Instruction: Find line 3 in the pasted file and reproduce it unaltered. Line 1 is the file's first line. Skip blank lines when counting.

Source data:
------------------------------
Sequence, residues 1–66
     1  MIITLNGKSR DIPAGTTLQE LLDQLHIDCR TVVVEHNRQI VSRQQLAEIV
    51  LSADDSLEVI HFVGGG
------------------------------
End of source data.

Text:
    51  LSADDSLEVI HFVGGG